American wines are having a tough time making inroads in europe. Is it the marketing, price point, or style?
When the United States and the European Union finally buried the hatchet in a long-simmering dispute over government subsidies to Boeing and Airbus in June 2021, wine lovers in the U.S. may well have opened a bottle of Bordeaux to celebrate. While that may sound strange, after all what does wine have to do with airline subsidies, it actually makes perfect sense. Wine was one of the products caught in the middle of a tit-for-tat tariff fight that saw the Trump administration put a 25 percent levy on certain European food and drink items, including wines from Germany, Spain, France and the UK. Those tariffs were suspended last year in a broader bid to improve transatlantic relations which had cooled notably during Trump’s time in office.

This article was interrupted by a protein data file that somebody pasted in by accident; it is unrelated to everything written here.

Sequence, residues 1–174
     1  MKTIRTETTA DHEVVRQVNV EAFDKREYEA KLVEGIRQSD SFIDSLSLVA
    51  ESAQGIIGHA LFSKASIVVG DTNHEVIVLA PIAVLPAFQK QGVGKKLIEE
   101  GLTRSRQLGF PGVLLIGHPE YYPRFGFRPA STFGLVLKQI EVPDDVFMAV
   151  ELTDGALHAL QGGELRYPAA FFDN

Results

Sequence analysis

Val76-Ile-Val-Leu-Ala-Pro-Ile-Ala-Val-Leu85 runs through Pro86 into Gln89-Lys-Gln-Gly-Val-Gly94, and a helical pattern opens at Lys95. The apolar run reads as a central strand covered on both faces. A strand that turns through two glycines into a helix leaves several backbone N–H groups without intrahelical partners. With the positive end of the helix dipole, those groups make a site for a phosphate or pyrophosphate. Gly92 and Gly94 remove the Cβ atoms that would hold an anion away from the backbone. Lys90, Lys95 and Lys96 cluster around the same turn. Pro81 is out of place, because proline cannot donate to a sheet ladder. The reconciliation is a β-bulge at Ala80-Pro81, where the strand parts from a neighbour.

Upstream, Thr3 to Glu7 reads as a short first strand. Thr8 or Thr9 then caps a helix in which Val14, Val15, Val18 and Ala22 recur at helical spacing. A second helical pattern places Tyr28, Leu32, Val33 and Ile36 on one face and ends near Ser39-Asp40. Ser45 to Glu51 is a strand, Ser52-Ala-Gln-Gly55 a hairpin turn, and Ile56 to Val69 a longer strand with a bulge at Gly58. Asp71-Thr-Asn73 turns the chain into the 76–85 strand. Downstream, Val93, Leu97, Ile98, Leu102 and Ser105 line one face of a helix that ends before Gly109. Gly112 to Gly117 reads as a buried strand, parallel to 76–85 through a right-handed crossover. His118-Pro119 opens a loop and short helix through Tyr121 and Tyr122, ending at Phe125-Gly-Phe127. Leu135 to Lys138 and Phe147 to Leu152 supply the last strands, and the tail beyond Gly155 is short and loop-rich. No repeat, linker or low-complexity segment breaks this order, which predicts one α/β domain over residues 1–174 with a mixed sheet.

As the following chart shows, America’s love of wines from Southern Europe, with France and Italy especially coming to mind, is a one-sided affair. According to data from the European Commission’s Directorate-General for Agriculture and Rural Development, the U.S. imported almost six million hectoliters from France and Italy between August 1, 2020 and July 31, 2021 – worth more than $3.5 billion. While Italy was the biggest exporter to the U.S. in terms of volume, France is leading in monetary terms thanks to its more pricey grapes. Meanwhile, Europe’s four largest wine exporters imported less than 50,000 hectoliters of wine from the U.S., choosing instead to get high on their own supply, to borrow a quote from the movie Scarface.Americans’ One-Sided Love for European Wines by Felix Richter, Jun 29, 2022